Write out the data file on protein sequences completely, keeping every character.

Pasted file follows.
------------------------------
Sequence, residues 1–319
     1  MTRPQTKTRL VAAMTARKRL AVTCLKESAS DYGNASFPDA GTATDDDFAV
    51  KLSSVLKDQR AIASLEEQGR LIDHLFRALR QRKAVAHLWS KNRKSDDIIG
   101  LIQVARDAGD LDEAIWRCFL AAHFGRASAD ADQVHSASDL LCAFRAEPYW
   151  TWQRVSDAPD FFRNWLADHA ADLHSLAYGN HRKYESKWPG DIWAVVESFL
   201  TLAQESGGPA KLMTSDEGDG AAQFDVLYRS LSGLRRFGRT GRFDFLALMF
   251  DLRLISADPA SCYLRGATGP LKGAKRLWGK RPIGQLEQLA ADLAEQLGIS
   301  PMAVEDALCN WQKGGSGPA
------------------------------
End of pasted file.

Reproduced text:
Sequence, residues 1–319
     1  MTRPQTKTRL VAAMTARKRL AVTCLKESAS DYGNASFPDA GTATDDDFAV
    51  KLSSVLKDQR AIASLEEQGR LIDHLFRALR QRKAVAHLWS KNRKSDDIIG
   101  LIQVARDAGD LDEAIWRCFL AAHFGRASAD ADQVHSASDL LCAFRAEPYW
   151  TWQRVSDAPD FFRNWLADHA ADLHSLAYGN HRKYESKWPG DIWAVVESFL
   201  TLAQESGGPA KLMTSDEGDG AAQFDVLYRS LSGLRRFGRT GRFDFLALMF
   251  DLRLISADPA SCYLRGATGP LKGAKRLWGK RPIGQLEQLA ADLAEQLGIS
   301  PMAVEDALCN WQKGGSGPA